Background: Identification of effective implementation strategies for motor vehicle injury prevention law is an important priority for research in public health law and policy. Extensive literature in related fields demonstrates the relationship between enforcement activities and achievement of safety objectives. Purpose: We conducted this study to determine the role of enforcement and adjudication in the implementation of a primary safety belt law, including the level and sustainability of safety belt–related conviction rates, using newly available data from the state judicial administrative authority. A secondary goal was to assess the contribution of the administrative data set to the analysis of the primary safety belt law. Methods: The analysis used an interrupted time series design to evaluate the longitudinal effect of the primary safety belt law implementation in 2007 on safety belt infractions and convictions in Kentucky, 2003–2012. Segmented regression analysis was used to estimate changes in the level and trend of safety belt nonuse conviction rate after the full implementation of the law, while controlling for the baseline level and trend. The association between the safety belt–related conviction rates and other expected outcomes of the law's implementation was studied. Results: Safety belt citations doubled and convictions nearly tripled during the decade studied, most dramatically in the first year. Increases were sustained throughout the study period. There was a strong positive linear association between the safety belt nonuse conviction rate and the observed safety belt use in the state, as well as a strong negative association between the safety belt nonuse conviction rate and the number of nonrestrained motor vehicle crash fatalities. Discussion: Our analysis demonstrates that Kentucky's public safety and judicial systems took the new law seriously and enforced it effectively and that the increased level of enforcement persisted for at least 5 years after implementation. We also find that data from judicial system administrative agency reports make an important contribution to public policy analysis. In the face of persistent antiregulatory forces and public-sector budget cuts, it is critically important to document the relationship between enforcement activities and the achievement of legislative goals.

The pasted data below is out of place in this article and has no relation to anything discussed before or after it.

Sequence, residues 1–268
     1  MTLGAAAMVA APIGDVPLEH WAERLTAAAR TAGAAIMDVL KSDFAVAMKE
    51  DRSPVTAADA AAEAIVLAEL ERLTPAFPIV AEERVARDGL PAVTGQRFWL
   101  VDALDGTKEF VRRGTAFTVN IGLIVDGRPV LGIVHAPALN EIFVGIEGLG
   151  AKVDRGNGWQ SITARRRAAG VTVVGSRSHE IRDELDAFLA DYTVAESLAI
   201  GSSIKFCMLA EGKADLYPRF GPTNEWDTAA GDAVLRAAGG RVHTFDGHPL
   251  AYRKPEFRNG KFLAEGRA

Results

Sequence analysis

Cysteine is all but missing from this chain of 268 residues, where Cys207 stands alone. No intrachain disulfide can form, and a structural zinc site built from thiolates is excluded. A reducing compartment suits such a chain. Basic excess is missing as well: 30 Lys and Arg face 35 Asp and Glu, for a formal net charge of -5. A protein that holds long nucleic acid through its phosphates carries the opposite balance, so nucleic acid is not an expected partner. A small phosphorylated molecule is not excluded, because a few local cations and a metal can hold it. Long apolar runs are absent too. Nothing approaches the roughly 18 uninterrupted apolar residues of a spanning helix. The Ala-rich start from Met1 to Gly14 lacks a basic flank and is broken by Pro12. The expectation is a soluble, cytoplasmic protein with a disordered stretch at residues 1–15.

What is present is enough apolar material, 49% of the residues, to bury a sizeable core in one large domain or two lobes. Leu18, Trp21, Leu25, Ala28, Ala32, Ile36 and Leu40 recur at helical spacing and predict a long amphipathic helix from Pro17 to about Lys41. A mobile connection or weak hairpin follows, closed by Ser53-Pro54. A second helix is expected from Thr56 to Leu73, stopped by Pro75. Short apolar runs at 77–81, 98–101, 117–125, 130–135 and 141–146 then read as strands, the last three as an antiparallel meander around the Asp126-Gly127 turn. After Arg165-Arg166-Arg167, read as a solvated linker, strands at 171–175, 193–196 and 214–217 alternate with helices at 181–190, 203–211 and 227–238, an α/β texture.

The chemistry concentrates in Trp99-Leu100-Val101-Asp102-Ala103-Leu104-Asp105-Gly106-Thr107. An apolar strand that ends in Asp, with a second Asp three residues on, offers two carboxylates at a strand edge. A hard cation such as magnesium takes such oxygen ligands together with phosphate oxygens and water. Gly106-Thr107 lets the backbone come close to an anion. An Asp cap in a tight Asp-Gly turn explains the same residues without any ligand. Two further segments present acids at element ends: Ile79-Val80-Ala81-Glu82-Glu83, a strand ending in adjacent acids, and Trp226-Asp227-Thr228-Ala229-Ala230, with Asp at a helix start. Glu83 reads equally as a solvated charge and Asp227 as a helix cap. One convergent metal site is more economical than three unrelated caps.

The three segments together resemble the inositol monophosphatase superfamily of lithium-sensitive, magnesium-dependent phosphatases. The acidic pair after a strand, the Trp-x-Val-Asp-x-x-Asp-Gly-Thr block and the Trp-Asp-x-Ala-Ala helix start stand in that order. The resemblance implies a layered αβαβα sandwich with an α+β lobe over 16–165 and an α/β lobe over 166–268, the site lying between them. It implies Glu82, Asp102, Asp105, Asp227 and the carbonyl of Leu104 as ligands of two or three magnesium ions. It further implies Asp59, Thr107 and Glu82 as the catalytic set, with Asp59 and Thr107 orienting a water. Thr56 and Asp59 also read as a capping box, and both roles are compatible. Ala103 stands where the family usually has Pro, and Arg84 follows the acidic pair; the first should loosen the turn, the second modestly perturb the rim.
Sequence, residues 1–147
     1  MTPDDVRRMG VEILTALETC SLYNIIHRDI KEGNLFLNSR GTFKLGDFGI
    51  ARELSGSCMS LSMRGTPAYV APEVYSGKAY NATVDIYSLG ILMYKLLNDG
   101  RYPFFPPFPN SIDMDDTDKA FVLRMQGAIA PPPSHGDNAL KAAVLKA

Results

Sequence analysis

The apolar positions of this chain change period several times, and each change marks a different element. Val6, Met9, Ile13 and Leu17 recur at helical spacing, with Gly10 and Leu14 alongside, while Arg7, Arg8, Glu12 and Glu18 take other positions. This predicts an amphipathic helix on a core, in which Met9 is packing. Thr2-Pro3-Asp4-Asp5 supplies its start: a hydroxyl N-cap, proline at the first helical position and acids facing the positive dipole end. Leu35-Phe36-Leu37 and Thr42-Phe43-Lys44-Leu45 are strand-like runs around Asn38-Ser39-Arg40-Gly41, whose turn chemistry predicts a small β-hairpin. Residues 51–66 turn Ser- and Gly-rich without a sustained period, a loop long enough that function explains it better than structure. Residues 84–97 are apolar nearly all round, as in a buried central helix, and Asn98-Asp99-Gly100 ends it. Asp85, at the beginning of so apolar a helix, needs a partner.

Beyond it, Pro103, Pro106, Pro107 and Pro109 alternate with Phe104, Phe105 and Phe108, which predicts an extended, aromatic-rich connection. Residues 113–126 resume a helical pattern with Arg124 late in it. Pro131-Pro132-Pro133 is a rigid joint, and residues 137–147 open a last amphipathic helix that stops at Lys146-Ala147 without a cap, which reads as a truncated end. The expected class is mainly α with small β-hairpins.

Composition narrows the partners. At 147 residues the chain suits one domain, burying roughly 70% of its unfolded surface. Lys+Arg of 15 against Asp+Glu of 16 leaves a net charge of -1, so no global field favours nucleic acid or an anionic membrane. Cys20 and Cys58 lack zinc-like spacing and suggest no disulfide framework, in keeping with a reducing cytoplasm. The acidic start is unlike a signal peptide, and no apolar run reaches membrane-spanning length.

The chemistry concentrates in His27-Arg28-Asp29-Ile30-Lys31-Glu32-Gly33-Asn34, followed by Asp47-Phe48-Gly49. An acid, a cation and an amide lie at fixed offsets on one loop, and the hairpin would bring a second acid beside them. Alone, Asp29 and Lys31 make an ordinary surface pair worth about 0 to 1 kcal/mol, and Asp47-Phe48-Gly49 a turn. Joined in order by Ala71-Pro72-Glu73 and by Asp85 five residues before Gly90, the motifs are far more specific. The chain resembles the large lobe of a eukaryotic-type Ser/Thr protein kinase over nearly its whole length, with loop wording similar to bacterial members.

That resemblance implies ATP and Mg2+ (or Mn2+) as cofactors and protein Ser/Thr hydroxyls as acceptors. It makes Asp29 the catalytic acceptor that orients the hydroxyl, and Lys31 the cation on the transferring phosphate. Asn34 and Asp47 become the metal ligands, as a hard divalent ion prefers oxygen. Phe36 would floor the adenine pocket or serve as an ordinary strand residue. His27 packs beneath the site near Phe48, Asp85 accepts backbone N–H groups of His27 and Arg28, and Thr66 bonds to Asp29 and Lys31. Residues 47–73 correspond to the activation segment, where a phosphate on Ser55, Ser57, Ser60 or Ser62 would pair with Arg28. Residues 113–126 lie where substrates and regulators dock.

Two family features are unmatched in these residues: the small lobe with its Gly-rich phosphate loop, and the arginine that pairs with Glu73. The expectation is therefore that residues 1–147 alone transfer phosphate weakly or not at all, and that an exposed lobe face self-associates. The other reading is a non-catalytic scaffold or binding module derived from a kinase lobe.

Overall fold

|Number of pages||5|
|Journal||Traffic Injury Prevention|
|State||Published - Oct 3 2015|
Bibliographical notePublisher Copyright:
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- motor vehicle safety
- public policy
- safety belt legislation
ASJC Scopus subject areas
- Safety Research
- Public Health, Environmental and Occupational Health